survive. I would love if people came out of the film and really looked out at the landscape and could deeply appreciate what is going on there—that soil is doing this amazing thing, which is basically recycling all life. We don’t feel resonance and connection to the earth, and I would like the film to help people to feel that connection and then appreciation. “I also hope people learn from the film that soil is a community; that you cannot just pick up a piece of soil and say, ‘This is soil.’ Soil is a process, an organism, and a community. I want to get people to begin thinking about the whole idea of community and that it is valuable, and that you have to give back to community in order for it to continue. So far people who have seen the film are very moved by this way of thinking about soil.” Next Steps
Having tackled and completed two groundbreaking documentary projects, Garcia is finally ready to have some fun. “Now I feel like . . . I have been good, I have done my social duty, and the films are out there and no longer simply inside me. They will be out there doing good, and so I am helping,” she says. So, what’s next? Garcia indicates she is in the mood for a romantic comedy. “Comedy can be very healing, and it’s beneficial to take a break. For the past 10 or 12 years I feel that I have been doing a lot of worthwhile stuff. It’s as if I have been eating a very wholesome meal and now I kind of need some dessert—a healthy dessert, but a dessert.” ■ To learn more about Symphony of the Soil, including screening dates and locations, visit www.symphonyofthesoil.com. organic connections
Chef Jesse Cool
Tireless Organic Pioneer by Bruce Boyers
With a love of food and cooking that carried through from this upbringing, Jesse
Those of us involved in the emerging organic and sustainable food movement owe a debt of gratitude to culinary pioneers like Alice Waters, Nora Pouillon and Jesse Cool. Chef Cool opened the first organic restaurant in Menlo Park, California, long before it was, well, cool, and also long before the majority of people had even heard the word organic. Today, a tireless sixty-something, she owns and operates three top-rated restaurants and a catering business that source only organic and sustainable ingredients. Jesse is also the author of seven cookbooks, a guest lecturer and teacher of teachers at Stanford University, has made numerous opened a locally sourced clean-food restautelevision appearances including on The rant in the seventies, which in those times Today Show and Food Network, and is was quite challenging. “People often think spearheading a major movement to bring the challenge was about cost,” she said. “It was healthy organic food to hospitals. more about being a young long-haired hippy Restaurateur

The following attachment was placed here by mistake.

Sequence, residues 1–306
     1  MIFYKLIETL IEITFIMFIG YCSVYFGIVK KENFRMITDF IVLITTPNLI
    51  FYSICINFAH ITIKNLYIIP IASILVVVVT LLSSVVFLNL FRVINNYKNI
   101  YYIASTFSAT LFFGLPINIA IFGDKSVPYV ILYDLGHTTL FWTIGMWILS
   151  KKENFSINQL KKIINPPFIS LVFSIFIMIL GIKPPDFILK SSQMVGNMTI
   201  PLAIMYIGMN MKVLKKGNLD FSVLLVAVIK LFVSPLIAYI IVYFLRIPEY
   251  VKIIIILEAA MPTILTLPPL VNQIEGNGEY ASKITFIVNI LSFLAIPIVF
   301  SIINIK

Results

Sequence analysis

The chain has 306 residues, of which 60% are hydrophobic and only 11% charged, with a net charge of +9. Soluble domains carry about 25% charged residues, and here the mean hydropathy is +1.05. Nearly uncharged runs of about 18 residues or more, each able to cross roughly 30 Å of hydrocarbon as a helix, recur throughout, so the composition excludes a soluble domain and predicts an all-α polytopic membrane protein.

The values that Jesse has promulgated for nearly four decades trace back to childhood. “I have an old-world background,” Jesse told Organic Connections, “where my father and grandfather grew vegetables in manure, with no pesticides.” As a youngster, growing up in a rural town near Pittsburgh, Pennsylvania, Jesse helped her parents and grandparents tend their small backyard gardens. They taught her about living heirlooms—seeds brought from the old country to plant in American soil. Additionally they raised their own chickens, and her uncle even owned a slaughterhouse where naturally grazed cattle were processed and beef aged properly. 12 o r g a n i c c o n n e c t i o n s
‘How do I protect the people who work with me, my family and my community from these artificial things that they’re putting in the food, which someday down the road might hurt them?’ “With that, my company’s philosophy was born, and it remains to this day: ‘The customer comes last.’ We try really hard to take care of where our food comes from, and build relationships with those people like we did in the Old World when we lived in a village and knew one another. We knew the bread baker; we knew the butcher; we knew the farmer. If we keep that connection and then make sure to take care of the people working with us as well as we can, they will take care of the customer.” Hard Times
Though conditions got tough, Jesse stayed the course. “I nearly went bankrupt more times than I would like to admit,” she said. “It’s often been difficult for my family and friends to figure out why in the world I stayed in it. But coming from a background of not having a lot, I had the ability to shrink down to whatever it took to make it work;
We try really hard to take care of where our food comes from, and build relationships with those people like we did in the Old World when we lived in a village and knew one another. chick, dressed in lace dresses, who was confronting people about where food came from and what kind of chemicals or preservatives or hormones were added. I guess I should say that I didn’t begin with ‘organic’—that was not what my cooking was about. It was about no ‘artificial’ in the food. That very quickly spilled over to organic, but it was more about,